The role of cross-presenting dendritic cells in tumour progression and immunotherapy

Author: Gilfillan, Connie Bep

Date: 2017

Publisher: University of Otago

Type: Thesis

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University of Otago


The recognition and eradication of cancer cells by the immune system is reliant on dendritic cells (DCs). DCs are professional antigen-presenting cells (APCs) that are integral for the initiation of an adaptive immune response targeted to eliminate cancer cells. DCs are capable of cross-presentation, a necessary function for priming of cytotoxic T lymphocyte (CTL) responses. Specialised DC subsets are reported to be superior at cross-presenting and have been implicated as crucial cells for CTL responses against tumour progression. However, DCs are often inactive in the presence of immune-suppressive tumours and require stimulation to become activated. Immunotherapy can be utilised to provide stimulatory factors that drive the activation of DCs and subsequent initiation of effective anti-tumour responses. The immunotherapies investigated in this thesis were poly I:C, a toll-like receptor (TLR) 3 ligand; and combination of the danger signal monosodium urate crystals (MSU) and a Mycobacterium (M.smegmatis) that provides pathogen-associated molecular patterns (PAMPs). Peritumoural treatments with immunotherapies were successful at slowing tumour growth and prolonging survival of mice bearing 4T1 murine mammary tumours and B16 melanoma tumours. To investigate the role of cross-presenting DCs in the efficacy of immunotherapies, a mouse model was used whereby specialist cross-presenting DCs can be deleted. CD8α+ and CD103+ cross-presenting DCs express the C-type lectin domain family 9 member A (Clec9A) and through administration of diphtheria toxin (DT) in Clec9A-DTR mice, successful depletion of CD8α+ and CD103+ DCs is achieved. MSU+M.smegmatis immunotherapy was dependent on Clec9A+ DCs for efficacy. Conversely, poly I:C immunotherapy remained successful in the absence of these cells, suggesting an effective T cell response can be induced in mice lacking specialist cross-presenting DCs. The antigen-specific T cell responses generated with poly I:C were investigated in basic leucine zipper ATF-like transcription factor 3 (BATF3) knockout (KO) mice, which are deficient in CD103+ DCs. In the absence of Batf3-dependent DCs, treatment with poly I:C immunotherapy still induced proliferation of antigen-specific CTLs that were capable of producing IFNγ; however, their ability to kill target cells was impaired. To identify DCs involved in the anti-tumour response initiated by poly I:C immunotherapy, DC subsets were examined for the ability to acquire and present antigen. CD8α+, CD103+, triple negative (TN), CD11b+ and monocyte-derived DCs (moDCs) were able to capture cell-associated tumour antigen. Furthermore, these DC subsets were able to acquire soluble ovalbumin (OVA), with CD11b+ DCs demonstrating the greatest uptake. Interestingly, moDCs were unable to induce antigen-specific T cell proliferation ex vivo, whereas the CD11b+ and CD11b- DCs were capable of stimulating T cell expansion. There is considerable interest in combining chemotherapy with immunotherapy, as chemotherapeutic agents are capable of inducing immunogenic cell death. Treatment of 4T1 tumours with doxorubucin successfully reduced tumour growth; however, combination of MSU+M.smegmatis immunotherapy with doxorubicin provided no additional benefit to single treatments. Conversely, combination of poly I:C immunotherapy with doxorubicin enhanced anti-tumour responses compared to either monotherapy. In summary, the findings from this thesis show that MSU+M.smegmatis immunotherapy requires CD8α+ and CD103+ DCs for efficacy, whereas poly I:C immunotherapy remains successful in their absence. This finding also emphasises the ability of multiple DC subsets to acquire and cross-present antigen, leading to successful induction of anti-tumour responses.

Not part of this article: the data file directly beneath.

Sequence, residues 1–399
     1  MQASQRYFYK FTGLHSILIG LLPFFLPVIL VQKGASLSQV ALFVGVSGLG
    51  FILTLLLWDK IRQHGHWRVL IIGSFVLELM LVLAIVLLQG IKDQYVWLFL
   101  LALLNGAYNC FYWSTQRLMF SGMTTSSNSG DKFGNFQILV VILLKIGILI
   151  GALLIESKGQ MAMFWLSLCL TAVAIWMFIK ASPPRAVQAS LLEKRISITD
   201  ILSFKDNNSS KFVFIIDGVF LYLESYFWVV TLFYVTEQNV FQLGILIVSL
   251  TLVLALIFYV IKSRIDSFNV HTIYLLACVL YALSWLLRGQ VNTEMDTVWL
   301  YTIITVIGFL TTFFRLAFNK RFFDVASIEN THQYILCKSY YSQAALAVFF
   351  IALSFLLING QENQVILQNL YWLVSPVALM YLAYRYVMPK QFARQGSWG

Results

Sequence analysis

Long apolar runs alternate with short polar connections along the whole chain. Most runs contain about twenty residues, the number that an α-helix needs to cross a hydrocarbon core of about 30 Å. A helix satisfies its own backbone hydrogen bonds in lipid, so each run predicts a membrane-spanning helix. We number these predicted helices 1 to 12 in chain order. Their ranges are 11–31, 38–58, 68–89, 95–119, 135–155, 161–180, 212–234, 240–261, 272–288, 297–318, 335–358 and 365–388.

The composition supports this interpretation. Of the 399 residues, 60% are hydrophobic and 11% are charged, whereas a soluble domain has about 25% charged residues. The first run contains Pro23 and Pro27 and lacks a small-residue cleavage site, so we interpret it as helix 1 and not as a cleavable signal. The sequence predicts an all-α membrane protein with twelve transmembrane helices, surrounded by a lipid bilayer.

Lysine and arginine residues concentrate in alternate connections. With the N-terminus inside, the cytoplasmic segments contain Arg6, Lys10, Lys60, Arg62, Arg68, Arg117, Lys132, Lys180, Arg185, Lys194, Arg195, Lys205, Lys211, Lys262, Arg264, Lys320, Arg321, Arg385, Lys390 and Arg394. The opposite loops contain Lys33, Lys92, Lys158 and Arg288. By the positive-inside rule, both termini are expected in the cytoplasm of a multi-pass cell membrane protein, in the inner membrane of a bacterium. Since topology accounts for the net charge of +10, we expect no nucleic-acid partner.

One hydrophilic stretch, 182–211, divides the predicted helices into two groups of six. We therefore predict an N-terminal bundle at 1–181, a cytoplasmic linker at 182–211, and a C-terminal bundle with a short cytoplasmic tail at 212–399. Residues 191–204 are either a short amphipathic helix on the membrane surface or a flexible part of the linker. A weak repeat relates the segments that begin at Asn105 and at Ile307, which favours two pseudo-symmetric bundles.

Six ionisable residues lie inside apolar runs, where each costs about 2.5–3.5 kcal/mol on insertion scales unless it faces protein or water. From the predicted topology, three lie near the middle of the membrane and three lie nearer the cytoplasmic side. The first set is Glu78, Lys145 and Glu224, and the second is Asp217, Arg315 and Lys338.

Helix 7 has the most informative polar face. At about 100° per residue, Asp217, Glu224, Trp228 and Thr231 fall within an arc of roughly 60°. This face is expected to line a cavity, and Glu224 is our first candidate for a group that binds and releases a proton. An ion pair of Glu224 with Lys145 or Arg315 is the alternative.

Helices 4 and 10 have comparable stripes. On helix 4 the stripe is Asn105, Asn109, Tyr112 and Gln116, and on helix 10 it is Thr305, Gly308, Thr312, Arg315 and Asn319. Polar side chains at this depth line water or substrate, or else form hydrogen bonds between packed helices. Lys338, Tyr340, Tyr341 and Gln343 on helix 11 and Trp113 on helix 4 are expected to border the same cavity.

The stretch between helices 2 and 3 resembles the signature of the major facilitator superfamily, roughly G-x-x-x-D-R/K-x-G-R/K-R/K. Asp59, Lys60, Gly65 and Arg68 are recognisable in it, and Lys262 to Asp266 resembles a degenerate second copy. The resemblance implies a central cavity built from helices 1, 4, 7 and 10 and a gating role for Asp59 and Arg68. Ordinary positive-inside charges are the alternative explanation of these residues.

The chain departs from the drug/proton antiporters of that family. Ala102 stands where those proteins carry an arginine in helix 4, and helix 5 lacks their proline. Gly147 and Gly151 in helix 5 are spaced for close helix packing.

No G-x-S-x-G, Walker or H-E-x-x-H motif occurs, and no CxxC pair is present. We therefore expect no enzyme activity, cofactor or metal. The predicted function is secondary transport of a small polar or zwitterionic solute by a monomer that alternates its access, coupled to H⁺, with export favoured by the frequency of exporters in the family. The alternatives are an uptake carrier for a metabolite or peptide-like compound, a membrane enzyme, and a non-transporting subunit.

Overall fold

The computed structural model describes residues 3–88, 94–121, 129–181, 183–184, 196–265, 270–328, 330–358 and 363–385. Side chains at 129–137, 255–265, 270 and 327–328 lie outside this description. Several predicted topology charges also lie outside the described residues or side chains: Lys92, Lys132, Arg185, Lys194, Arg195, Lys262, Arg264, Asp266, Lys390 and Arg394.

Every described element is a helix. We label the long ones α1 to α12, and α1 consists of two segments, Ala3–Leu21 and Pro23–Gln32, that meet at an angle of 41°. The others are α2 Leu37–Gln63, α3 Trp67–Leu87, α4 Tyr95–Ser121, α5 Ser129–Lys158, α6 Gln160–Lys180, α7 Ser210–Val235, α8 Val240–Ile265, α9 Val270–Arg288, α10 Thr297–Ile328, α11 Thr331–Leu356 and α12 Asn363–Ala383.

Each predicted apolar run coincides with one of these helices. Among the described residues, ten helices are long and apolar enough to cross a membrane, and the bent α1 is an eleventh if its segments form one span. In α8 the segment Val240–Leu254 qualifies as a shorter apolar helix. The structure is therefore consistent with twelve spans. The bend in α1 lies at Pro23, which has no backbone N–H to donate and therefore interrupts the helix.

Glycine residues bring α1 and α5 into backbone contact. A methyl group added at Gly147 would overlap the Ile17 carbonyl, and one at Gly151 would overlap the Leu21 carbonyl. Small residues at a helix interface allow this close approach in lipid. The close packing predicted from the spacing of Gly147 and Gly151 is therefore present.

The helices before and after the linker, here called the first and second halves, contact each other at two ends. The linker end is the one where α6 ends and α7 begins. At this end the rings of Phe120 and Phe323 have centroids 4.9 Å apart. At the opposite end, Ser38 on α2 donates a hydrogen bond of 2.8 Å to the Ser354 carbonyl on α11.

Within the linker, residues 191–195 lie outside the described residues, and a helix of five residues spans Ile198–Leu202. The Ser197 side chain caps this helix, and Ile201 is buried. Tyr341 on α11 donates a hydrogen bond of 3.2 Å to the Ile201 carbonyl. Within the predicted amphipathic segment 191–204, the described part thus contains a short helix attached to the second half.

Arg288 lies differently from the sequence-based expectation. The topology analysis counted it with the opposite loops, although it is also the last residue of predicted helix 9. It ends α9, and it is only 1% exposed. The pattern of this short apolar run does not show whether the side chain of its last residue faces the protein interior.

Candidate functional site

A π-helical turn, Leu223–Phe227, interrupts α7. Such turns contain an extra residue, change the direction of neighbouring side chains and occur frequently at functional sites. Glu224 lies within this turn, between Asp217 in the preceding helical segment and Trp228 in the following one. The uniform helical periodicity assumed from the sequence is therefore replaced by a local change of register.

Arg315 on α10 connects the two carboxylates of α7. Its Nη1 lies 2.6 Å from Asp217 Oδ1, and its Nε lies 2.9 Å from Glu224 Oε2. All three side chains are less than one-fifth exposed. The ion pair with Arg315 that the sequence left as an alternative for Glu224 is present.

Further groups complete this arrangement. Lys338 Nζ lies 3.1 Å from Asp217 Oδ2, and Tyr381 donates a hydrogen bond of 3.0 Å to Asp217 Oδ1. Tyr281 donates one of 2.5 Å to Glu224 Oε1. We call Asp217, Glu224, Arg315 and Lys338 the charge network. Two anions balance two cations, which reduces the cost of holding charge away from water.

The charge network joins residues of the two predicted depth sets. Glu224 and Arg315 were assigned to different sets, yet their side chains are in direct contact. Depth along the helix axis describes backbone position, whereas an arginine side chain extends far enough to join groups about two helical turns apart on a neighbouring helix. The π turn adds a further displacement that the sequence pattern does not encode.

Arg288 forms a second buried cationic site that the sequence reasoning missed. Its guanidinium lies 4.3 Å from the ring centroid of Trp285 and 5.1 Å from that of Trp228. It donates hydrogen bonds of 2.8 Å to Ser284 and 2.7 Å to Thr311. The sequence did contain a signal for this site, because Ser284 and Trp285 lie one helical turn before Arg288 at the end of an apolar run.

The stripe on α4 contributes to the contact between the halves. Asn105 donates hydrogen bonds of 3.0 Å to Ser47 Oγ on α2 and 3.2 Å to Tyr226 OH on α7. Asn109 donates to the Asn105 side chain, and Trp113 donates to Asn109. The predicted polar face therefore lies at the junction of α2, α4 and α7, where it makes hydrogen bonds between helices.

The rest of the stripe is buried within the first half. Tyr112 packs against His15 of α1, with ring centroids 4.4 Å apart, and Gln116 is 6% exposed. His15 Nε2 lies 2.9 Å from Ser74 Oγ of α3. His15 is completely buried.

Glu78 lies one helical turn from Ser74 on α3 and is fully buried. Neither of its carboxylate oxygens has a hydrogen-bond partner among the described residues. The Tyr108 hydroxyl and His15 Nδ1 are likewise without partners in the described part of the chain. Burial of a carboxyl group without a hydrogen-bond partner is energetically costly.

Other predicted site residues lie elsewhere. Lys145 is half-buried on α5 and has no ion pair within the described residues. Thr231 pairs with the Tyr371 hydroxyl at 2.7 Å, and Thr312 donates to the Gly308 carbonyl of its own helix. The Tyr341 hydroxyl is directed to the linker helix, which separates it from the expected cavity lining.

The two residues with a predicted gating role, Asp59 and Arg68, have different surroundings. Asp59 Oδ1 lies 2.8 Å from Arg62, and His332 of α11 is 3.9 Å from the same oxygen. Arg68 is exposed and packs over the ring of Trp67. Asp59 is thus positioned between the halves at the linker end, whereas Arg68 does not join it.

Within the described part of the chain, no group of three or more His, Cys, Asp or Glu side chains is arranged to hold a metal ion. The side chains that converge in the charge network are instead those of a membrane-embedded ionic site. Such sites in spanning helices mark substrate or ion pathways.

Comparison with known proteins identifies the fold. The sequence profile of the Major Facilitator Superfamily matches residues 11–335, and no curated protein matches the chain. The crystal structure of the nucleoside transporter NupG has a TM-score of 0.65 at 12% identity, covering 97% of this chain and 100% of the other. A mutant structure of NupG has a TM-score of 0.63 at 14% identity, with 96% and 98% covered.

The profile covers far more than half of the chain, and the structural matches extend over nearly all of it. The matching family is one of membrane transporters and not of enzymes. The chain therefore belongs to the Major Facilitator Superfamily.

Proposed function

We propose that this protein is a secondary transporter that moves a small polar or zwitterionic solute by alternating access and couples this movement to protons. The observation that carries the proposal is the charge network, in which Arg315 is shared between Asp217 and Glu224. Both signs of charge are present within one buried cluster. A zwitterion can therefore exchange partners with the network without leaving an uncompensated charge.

Subjects: immunology, dendritic, cells, immunotherapy, tumour

Citation: ["Gilfillan, C. B. (2017). The role of cross-presenting dendritic cells in tumour progression and immunotherapy (Thesis, Doctor of Philosophy). University of Otago. Retrieved from"]

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